Document Detail


Bariatric surgery to unload the stressed heart: a metabolic hypothesis.
MedLine Citation:
PMID:  22307676     Owner:  NLM     Status:  MEDLINE    
Abstract/OtherAbstract:
Obesity is an independent risk factor for cardiovascular disease. Data from the Framingham Study have reported a higher incidence of heart failure in obese individuals compared with a normal cohort. The body initially copes with the abundance of fuel present in an obese milieu by storing it in adipose tissue. However, when the storage capacity is exceeded, the excess energy is taken up and stored ectopically as fat in vital organs such as the heart. Indeed, intramyocardial lipid overload is present in hearts of obese patients, as well as in hearts of animal models of obesity, and is associated with a distinct gene expression profile and cardiac dysfunction. By imposing a metabolic stress on the heart, obesity causes it to hypertrophy and ultimately to fail. Conventional measures to treat obesity include diet, exercise, and drugs. More recently, weight loss surgery (WLS) has achieved increasing prominence because of its ability to reduce the neurohumoral load, normalize metabolic dysregulation, and improve overall survival. The effects of WLS on systemic metabolic, neurohumoral, and hemodynamic parameters are well described and include an early normalization of serum glucose and insulin levels as well as reduction in blood pressure. WLS is also associated with reverse cardiac remodeling, regression of left ventricular hypertrophy, and improved left ventricular and right ventricular function. By targeting the source of the excess energy, we hypothesize that WLS improves contractile function by limiting exogenous substrate availability to the metabolically overloaded heart. These changes have also been found to be associated with increased levels of adiponectin and improved insulin sensitivity. Taken together, the sustained beneficial effects of WLS on left ventricular mass and function highlight the need to better understand the mechanism by which obesity regulates cardiovascular physiology.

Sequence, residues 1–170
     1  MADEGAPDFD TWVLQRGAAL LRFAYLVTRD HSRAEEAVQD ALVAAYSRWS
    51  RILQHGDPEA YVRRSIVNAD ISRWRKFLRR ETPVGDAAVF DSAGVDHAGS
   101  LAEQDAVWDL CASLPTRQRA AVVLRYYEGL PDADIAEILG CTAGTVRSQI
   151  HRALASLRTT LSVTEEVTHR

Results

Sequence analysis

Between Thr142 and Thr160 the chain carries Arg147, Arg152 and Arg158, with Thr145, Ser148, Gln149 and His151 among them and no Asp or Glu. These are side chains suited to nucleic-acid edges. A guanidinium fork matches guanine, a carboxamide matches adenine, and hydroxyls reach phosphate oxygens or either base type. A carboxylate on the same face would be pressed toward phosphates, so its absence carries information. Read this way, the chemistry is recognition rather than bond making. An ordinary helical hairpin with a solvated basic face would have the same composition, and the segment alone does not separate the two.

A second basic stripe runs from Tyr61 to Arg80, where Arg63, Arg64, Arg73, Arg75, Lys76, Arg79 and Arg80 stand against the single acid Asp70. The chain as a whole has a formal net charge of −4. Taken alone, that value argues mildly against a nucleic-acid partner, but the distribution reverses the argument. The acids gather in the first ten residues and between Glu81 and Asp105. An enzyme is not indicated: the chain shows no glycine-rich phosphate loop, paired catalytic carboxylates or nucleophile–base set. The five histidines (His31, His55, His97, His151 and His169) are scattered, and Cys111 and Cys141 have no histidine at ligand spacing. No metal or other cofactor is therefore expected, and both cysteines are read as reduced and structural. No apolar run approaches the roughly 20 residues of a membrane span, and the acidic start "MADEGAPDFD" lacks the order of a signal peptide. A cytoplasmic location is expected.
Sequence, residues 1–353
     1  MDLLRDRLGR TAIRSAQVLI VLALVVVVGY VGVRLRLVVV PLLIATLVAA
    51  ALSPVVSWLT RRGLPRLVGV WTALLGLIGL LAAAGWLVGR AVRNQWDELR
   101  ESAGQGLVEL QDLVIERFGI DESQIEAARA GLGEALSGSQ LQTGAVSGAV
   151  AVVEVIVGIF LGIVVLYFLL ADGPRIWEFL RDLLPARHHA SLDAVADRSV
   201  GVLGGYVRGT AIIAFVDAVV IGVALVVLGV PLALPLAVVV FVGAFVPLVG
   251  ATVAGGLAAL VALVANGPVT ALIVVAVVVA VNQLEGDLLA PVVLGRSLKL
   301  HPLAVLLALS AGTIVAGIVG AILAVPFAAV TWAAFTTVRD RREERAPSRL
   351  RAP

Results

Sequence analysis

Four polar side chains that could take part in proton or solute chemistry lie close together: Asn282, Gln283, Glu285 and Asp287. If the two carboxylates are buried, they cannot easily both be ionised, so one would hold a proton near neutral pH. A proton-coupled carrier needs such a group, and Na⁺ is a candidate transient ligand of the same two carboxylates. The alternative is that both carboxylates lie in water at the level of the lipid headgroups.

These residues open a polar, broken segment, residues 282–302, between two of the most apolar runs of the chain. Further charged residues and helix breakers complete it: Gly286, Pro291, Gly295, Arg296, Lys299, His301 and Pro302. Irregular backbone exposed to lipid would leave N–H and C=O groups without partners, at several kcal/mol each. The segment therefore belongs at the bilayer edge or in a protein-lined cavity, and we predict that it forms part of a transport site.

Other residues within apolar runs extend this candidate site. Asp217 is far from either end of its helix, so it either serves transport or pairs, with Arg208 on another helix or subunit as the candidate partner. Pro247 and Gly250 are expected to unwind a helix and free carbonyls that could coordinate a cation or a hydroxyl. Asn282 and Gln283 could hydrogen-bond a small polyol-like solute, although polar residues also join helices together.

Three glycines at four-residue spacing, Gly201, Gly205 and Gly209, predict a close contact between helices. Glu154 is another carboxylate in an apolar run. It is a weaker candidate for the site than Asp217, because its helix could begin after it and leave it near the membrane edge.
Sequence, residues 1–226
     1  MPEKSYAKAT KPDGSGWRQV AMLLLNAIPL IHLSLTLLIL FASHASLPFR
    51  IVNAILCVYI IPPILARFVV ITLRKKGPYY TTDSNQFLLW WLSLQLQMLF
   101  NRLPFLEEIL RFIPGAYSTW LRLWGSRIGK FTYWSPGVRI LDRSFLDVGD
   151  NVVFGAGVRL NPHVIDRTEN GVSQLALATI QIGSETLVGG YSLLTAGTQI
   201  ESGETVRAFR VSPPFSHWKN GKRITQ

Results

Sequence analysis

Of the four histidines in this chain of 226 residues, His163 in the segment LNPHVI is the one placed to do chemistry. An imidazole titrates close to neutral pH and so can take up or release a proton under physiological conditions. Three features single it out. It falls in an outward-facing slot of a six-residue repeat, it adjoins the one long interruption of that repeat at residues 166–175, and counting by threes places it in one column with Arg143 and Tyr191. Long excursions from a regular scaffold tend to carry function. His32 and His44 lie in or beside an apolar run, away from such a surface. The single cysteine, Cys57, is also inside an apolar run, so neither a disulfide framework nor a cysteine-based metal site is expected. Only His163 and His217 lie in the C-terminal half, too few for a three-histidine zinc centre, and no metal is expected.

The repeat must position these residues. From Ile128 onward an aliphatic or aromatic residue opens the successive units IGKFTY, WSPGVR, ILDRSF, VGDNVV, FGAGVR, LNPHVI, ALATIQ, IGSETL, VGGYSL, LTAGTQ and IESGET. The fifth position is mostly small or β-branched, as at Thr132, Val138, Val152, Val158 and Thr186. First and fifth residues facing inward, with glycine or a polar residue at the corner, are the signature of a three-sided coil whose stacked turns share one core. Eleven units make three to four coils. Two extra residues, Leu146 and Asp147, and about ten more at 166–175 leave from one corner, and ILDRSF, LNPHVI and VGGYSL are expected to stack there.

Authors:
Mohamed F Algahim; Shiraj Sen; Heinrich Taegtmeyer
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Publication Detail:
Type:  Journal Article; Research Support, N.I.H., Extramural; Review     Date:  2012-02-03
Journal Detail:
Title:  American journal of physiology. Heart and circulatory physiology     Volume:  302     ISSN:  1522-1539     ISO Abbreviation:  Am. J. Physiol. Heart Circ. Physiol.     Publication Date:  2012 Apr 
Date Detail:
Created Date:  2012-04-16     Completed Date:  2012-05-30     Revised Date:  2013-06-26    
Medline Journal Info:
Nlm Unique ID:  100901228     Medline TA:  Am J Physiol Heart Circ Physiol     Country:  United States    
Other Details:
Languages:  eng     Pagination:  H1539-45     Citation Subset:  IM    
Affiliation:
Division of Cardiology, Department of Internal Medicine, University of Texas Medical School at Houston, Houston, Texas 77030, USA.
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MeSH Terms
Descriptor/Qualifier:
Animals
Bariatric Surgery*
Energy Metabolism / physiology
Heart / physiology*
Homeostasis / physiology
Myocardium / metabolism
Obesity / physiopathology
Weight Loss / physiology
Grant Support
ID/Acronym/Agency:
R01 HL073162/HL/NHLBI NIH HHS; R01-HL-073162/HL/NHLBI NIH HHS; R01-HL-61483/HL/NHLBI NIH HHS; T32//PHS HHS
Comments/Corrections

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